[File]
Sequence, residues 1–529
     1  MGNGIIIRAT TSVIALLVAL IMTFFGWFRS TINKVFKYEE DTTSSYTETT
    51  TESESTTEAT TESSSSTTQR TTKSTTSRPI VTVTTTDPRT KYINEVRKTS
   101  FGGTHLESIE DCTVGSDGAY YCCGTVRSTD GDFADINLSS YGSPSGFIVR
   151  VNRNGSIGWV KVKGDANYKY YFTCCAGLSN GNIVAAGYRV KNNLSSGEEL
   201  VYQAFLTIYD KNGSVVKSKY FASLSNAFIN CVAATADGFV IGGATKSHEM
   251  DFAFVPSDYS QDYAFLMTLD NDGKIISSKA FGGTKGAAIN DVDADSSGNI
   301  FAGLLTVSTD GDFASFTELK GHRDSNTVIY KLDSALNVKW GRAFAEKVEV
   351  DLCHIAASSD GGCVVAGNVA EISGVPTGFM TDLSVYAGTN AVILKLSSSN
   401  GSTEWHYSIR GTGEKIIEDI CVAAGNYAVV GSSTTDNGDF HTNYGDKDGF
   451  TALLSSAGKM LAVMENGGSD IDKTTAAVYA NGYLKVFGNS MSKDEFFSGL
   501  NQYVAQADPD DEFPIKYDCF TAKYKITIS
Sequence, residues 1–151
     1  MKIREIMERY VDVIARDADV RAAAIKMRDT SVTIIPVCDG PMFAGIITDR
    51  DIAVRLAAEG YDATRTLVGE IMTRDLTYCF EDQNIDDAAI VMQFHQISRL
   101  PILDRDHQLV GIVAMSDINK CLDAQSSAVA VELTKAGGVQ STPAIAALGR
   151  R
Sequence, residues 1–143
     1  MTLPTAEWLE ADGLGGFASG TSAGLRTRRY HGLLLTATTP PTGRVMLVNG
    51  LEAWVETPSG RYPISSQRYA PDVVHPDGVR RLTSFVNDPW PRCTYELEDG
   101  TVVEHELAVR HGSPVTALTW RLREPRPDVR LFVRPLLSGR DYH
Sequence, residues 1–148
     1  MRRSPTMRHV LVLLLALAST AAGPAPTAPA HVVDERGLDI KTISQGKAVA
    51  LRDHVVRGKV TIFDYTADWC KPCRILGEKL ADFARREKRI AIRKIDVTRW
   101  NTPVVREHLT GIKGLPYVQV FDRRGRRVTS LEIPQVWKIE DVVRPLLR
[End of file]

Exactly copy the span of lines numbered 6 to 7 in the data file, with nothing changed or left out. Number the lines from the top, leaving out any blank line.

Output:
   201  VYQAFLTIYD KNGSVVKSKY FASLSNAFIN CVAATADGFV IGGATKSHEM
   251  DFAFVPSDYS QDYAFLMTLD NDGKIISSKA FGGTKGAAIN DVDADSSGNI